Série de Prière: Waiting

There’s something very special about waiting prayer. When practiced with the right motives, it can become the core of your prayer life — and a very important part at that.

What is it?

Waiting prayer is taking time to be still before the Lord. This concept is repeated over and over again in Scripture (Ps. 25:5, 25:21, 27:14, 37:7, 37:9, 39:7, 62:5, 130:5; Isa. 40:31; Lam. 3:25-26; Hos. 12:6 — to name a few). When you quiet your soul and focus on the Lord, you are expectant. You let Him love you as you worship Him and you expect that He will reveal Himself to you. If you’re not used to internal prayer, waiting prayer is a great place to start.

“Truly my soul silently waits for God; from Him comes my salvation.” Ps. 62:1

The more you wait on the Lord, the more sensitive you become to the Holy Spirit. You may feel nothing — in fact, for a while, I can almost guarantee you that you will feel nothing — but the simple act of quieting your soul before God will inevitably cause you to sense Him more.

The Bible commands us to wait on the Lord (Ps. 27:14, Hosea 12:6). It is the beginning of trust: you admit your own human weakness and look to the Lord for strength. And David tells us that, “those who wait on the Lord, they shall inherit the earth.” (Ps. 37:9)

Practical Steps

Waiting prayer can be practiced in a prayer room or in your bedroom. Just be somewhere that you’re not likely to be interrupted.

  1. Start with worshiping God — out loud or internally — and read the Word.
  2. Close your eyes and begin to clear your mind of distracting thoughts. Focus, in expectancy, on the Lord. (If you want, ask God to give you a mental picture to help you focus.)
  3. Then just wait. Don’t ask questions, try not to get distracted — just wait. Honestly, even though I’ve been doing this for 2 years, it often takes a half hour for my soul to quiet down so I can hear the Holy Spirit’s voice clearly. We get so busy during the day that it takes us a while to slow down.

Start with a few minutes at a time. If you fall asleep, just pick up where you left off; there’s no shame in that. You will soon find that you want to wait on the Lord longer and longer because His presence is so addicting.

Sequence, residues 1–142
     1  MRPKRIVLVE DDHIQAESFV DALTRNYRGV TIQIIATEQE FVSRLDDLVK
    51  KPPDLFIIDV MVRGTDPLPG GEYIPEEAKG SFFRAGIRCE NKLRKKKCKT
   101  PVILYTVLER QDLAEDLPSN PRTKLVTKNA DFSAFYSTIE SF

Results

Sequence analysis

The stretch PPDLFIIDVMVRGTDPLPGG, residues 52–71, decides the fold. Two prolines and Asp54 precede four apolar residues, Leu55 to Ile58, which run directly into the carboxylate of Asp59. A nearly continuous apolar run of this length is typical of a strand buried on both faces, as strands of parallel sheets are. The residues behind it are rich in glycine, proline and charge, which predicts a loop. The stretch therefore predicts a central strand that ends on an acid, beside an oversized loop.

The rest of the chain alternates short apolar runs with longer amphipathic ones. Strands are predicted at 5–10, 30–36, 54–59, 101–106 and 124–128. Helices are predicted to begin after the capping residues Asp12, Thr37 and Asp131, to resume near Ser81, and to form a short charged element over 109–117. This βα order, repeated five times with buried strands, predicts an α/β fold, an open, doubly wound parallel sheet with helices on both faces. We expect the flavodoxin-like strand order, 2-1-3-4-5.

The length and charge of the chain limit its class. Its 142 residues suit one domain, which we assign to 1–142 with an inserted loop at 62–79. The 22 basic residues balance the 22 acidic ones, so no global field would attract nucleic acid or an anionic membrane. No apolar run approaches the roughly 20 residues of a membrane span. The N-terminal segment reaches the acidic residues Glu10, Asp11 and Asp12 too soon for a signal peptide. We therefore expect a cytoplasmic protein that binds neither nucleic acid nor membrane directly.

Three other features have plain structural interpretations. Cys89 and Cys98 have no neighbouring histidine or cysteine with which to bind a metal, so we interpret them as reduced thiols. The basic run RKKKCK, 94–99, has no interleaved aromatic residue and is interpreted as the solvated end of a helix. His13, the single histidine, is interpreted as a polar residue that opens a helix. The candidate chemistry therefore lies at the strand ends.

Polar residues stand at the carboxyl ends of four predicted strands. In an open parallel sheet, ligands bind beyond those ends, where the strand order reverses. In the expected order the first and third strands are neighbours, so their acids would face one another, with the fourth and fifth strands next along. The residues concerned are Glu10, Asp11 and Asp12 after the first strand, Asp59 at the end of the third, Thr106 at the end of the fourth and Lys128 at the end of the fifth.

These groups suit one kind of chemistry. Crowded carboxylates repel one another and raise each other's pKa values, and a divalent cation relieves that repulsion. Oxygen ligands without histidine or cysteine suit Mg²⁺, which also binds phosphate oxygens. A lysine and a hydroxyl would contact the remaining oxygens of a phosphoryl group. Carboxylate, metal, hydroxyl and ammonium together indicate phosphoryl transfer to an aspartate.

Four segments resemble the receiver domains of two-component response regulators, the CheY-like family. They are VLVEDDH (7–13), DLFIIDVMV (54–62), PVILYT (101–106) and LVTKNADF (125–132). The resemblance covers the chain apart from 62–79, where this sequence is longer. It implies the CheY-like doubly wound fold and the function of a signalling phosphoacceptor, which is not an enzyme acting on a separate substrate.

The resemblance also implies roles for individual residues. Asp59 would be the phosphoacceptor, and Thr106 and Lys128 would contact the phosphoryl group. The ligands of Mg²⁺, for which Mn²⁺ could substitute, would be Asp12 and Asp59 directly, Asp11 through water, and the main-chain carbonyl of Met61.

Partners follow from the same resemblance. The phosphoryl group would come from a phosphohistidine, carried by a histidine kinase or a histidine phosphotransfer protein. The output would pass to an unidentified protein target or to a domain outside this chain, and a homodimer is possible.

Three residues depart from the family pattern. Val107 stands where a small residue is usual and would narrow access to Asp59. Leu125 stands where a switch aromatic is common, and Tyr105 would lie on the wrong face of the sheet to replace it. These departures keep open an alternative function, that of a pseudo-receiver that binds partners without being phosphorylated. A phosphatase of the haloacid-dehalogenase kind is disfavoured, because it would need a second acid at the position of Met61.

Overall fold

Recommended Reading

Jaeson Ma, a campus revivalist, has posted his “Waiting Prayer” chapter from his book on his blog — it is an excellent description and includes his own personal testimony.

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This post is a part of a series on different types of prayer. Click here to read the rest of the series.

Romans 15:1-4

We then who are strong ought to bear with the scruples of the weak, and not to please ourselves. Let each of us please his neighbor for his good, leading to edification…For whatever things were written before were written for our learning, that we through the patience and comfort of the Scriptures might have hope.”

I saw these verses through a different light tonight. I was reading Romans 15 with the intention of praying for the church of Roseville (using Paul’s prayer in verses 5-6 and 13), but I quickly saw that I had no idea why Paul was praying to, “the God of patience and comfort”. When I asked the Lord about this, I felt like the answer was elsewhere in the chapter. What I discovered pleasantly surprised me: I began to see that in the first 4 verses of the chapter, Paul was speaking to the mature Romans and encouraging them to be patient with their immature companions.

I have to laugh when the Lord reminds me of how closely He is watching me. I have been reflecting recently on how I have matured in the past year and been a little embarrassed when I see where I was then. I even told one of my leaders that I am amazed at the grace he had for me when I was so immature! Now, I am around some people who are in the exact place I was 1 year ago…Do I have grace for them? Well, I will admit that most of the time I just get annoyed by their immaturities.

With that insight, I’m sure you can get a little humor out of the Lord showing me this verse tonight. It’s nothing new that I get annoyed at people who are less mature than me. Paul advised the Romans to have grace for them, to edify them, and to remember patience and comfort (encouragement). This was the Lord’s answer to me also, and revealed to me why Paul prayed to the God of patience and comfort for unity within His Church.